Category Archives: Train spotting

Carnegie Mellon University, Fractraker team up to monitor crude oil trains through PA region

Repost from Pittsburgh Post-Gazette

CMU, Fractraker teaming up to monitor crude oil trains through region

By Don Hopey, December 13, 2014

Trains carrying millions of gallons of crude oil from Midwestern shale oil fields pass through the region daily and at speeds approaching the limit established to reduce derailment risks, according to a pilot study by Fractracker Alliance and Carnegie Mellon University’s CREATE Lab.

The study counted 360 tanker cars bearing the Department of Transportation “1075” and “1267” flammable oil and gas placards on 10 trains passing through the city during 11 daylight hours on Oct. 21. Six of those 10 trains were traveling east with a total of 176 full tanker cars The other four were traveling west with 84 empty tanker cars.

The train spotting and rail car counting was done on Norfolk Southern’s Fort Wayne line, which runs along the Ohio River through Sewickley, Glenfield, Ben Avon, Avalon and the North Side. The study, conducted on just one of seven rail freight lines used by oil trains in Allegheny County, is the first to count the number of oil trains passing through, and there are plans to do several more.

The Fractracker news release about the study states that by tracking and monitoring the transport of oil and gas, “we can begin to understand the risks that these trains pose should an incident occur.”

“We want to study the oil trains issue in several ways across Pennsylvania and beyond, examining the communities and populations affected and evaluating the scale and dynamics of the train traffic, including speeds and volumes of cargo,” said Samantha Malone, a Fractracker spokeswoman.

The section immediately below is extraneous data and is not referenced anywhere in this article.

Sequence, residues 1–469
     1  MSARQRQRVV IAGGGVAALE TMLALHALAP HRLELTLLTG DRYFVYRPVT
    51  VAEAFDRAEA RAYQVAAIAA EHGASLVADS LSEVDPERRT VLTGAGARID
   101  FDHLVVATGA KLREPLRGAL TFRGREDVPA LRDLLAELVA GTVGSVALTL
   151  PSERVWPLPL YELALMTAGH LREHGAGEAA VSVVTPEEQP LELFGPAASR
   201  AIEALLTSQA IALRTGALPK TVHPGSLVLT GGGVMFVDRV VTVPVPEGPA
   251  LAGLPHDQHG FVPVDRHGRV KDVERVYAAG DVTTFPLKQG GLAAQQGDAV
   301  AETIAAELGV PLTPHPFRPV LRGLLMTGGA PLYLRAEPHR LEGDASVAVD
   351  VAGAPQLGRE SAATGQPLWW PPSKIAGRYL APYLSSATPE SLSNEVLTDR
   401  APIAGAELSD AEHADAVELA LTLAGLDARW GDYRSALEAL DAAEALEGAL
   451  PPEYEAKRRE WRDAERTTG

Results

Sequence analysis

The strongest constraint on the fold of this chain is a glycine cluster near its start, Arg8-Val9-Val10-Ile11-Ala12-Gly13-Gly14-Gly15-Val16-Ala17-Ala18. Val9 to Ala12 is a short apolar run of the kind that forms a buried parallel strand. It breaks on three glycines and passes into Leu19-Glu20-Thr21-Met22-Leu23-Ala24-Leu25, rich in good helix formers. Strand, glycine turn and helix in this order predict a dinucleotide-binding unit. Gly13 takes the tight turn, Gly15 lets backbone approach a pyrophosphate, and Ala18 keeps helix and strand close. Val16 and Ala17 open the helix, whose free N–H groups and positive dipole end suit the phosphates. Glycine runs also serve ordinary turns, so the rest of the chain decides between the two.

The count totals are generally in line with estimated oil train numbers for the county provided by Norfolk Southern and CSX to the Pennsylvania Emergency Management Agency, information that PEMA was ordered to release in October after a Right to Know request by the Pittsburgh Post-Gazette.

Ms. Malone said almost all of the trains were moving “very quickly” past the train spotting and counting location along Norfolk Southern tracks at Riverside Park, on Dawson Avenue in Glenfield. One, heading east with a load of full crude oil tank cars, was traveling much faster than the others at an estimated speed of 50 mph.

If accurate, that train violated the 40 mph speed limit cooperatively established in July for safety by the U.S. Department of Transportation and the Association of American Railroads in urban areas after several recent derailments involving crude oil tanker cars.

“We didn’t have a radar gun, but most of the trains were traveling faster than I would think would be safe for that area,” Ms. Malone said. “The one moving very fast I do believe was unsafe.”

A spokesman for Norfolk Southern, however, disputed that contention, saying it was “guesswork” and that the railroad complies with all state and federal rules and regulations.